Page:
to 1,048,575 addresses or 1MB) memory locations.
A segment is a 64K block of memory, thus there could be as many as 16 overlapping segments in 1MB of
memory. For example, in direct addressing instruction:
MOV DL, [0100]
assuming DS contained 2000h, the address would be calculated in the following manner:
20000h DS register shifted LEFT 1 bit
+ 0100h
20100h effective addressing
memory page
So, the MOV DL,[0100] instruction places a copy of the data found in memory address 20100h and not
0100h, in the DL register.
We generally, won't be concerned with segment registers for simple and very small program codes, since
all segment registers will be the same, so the offset (the address of the IP) will be all we must pay attention
for now.

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Recall also, the command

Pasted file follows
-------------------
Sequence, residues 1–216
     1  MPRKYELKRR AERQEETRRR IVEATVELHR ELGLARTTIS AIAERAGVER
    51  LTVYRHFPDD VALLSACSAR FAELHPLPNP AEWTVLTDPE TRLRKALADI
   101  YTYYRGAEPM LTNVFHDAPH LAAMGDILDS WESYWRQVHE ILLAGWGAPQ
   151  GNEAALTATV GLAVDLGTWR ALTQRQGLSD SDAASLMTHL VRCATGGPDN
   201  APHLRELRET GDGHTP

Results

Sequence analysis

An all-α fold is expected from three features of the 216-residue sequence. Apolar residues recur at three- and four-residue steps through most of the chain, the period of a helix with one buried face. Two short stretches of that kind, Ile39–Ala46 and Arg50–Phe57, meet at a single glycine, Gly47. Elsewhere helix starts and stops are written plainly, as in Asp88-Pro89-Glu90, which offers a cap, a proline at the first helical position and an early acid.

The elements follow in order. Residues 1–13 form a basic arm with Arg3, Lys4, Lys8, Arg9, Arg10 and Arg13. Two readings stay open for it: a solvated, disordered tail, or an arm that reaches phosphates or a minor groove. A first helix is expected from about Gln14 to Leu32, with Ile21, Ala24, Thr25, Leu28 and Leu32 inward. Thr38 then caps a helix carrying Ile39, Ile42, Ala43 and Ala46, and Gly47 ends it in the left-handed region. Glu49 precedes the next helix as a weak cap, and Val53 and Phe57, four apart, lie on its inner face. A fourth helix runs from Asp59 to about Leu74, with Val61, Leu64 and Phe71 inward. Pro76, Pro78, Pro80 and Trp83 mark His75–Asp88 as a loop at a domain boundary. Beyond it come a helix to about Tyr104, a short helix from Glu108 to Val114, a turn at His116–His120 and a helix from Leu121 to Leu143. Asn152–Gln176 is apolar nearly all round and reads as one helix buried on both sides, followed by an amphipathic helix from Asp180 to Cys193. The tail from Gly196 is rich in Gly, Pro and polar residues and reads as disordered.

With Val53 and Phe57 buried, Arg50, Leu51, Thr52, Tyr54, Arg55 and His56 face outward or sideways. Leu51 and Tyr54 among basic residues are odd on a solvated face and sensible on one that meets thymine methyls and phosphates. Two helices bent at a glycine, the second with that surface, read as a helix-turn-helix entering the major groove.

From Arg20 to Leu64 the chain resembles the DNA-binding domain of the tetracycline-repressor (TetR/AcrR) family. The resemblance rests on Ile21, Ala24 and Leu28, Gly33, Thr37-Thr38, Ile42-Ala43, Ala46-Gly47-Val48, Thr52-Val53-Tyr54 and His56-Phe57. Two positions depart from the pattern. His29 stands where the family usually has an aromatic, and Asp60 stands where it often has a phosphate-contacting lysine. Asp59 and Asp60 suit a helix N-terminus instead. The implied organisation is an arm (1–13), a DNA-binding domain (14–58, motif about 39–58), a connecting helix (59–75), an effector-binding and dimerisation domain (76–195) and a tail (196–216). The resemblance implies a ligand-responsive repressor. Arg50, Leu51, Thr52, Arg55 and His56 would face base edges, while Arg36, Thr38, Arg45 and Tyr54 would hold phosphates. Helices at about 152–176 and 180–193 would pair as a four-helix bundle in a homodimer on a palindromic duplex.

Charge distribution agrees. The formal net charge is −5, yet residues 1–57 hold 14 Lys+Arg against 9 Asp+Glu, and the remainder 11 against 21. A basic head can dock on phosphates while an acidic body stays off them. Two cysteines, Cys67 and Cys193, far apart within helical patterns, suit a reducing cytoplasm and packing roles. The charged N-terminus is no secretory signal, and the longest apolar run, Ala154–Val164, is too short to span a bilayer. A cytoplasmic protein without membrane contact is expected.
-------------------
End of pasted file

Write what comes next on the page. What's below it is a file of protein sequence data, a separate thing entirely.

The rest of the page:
JMP 100
where the offset 100h is added to the code segment CS rather than the DS register. Remember that the
content of the CS register, like the DS register, are shifted one hex digit to the left before being added to the
offset.

LESSON CHECK-UP:
1. What is the DOS utility program which are used to do assembly, disassembly, running, and debugging of
8086/8088 assembly-language programs?
2. What 3 areas can serve as a source for the MOV command?
3. What are the 2 areas which can serve as destinations for the MOV instruction?
4. Which area cannot be both a source and a destination at the same time?
5. What is the source of a MOV AL,DL instruction?
6. What is the destination of a MOV AL,76 code?
7. Does the command MOV BX,[4455] transfer the hex 4455 or the contents of RAM address 4455 to
register BX?
8. What does the DEBUG command r stand for and what does it do?
9. What does the DEBUG command a stand for and what does it do?
10. What does the DEBUG command u stand for and what does it do?
11. What does the DEBUG trace command do?
12. What is the DEBUG quit command?
13. Using DEBUG, write an assembly program which will
a. place the number 89H into the low byte of the base register, then
b. copy the contents of the base register into the data register and the into RAM address 333H
(Note: use DEBUGs trace command to verify the above data transfer.)